Poets Scott Owens and David Chorlton might rightfully be called “poets of the land.” But the lands they immerse themselves in, reflect upon, make sense of, and help others understand.
For Owens, in his collection For One Who Knows How to Own Land, it is the land of memory and childhood, the growing up on a family farm. This is the land that has the contour molded by the human hand, or many human hands.
The land Owens describes is the land that has a history, human as well as natural. It’s the land where boys take their BB guns, and where cows have to be milked in the dark, early hours. It’s the land filled with sounds of whippoorwills and grasshoppers, the cackling of hens, and kitchen sounds of breakfast being made before the farmer heads to the fields. It is a land confined by fence and barbed wire, utilized by machines to produce crops.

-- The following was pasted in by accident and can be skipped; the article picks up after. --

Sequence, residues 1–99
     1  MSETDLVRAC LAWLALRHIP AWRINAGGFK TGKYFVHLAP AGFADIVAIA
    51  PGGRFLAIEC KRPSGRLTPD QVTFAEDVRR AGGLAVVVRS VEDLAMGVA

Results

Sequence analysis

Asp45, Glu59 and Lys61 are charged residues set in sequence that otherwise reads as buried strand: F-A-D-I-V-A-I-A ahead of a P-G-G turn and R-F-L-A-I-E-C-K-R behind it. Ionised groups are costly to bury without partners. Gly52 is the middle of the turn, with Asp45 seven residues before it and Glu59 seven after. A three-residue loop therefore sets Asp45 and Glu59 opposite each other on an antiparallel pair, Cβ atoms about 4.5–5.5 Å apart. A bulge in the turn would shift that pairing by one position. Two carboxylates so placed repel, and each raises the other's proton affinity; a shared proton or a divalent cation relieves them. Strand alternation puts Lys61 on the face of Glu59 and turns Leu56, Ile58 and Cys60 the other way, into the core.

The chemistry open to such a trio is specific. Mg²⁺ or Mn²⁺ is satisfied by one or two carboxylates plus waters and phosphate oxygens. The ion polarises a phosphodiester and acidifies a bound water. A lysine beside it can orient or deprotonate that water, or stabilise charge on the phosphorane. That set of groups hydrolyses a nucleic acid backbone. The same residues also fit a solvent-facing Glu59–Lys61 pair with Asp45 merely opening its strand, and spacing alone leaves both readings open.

To continue reading, please see my post today at Tweetspeak Poetry.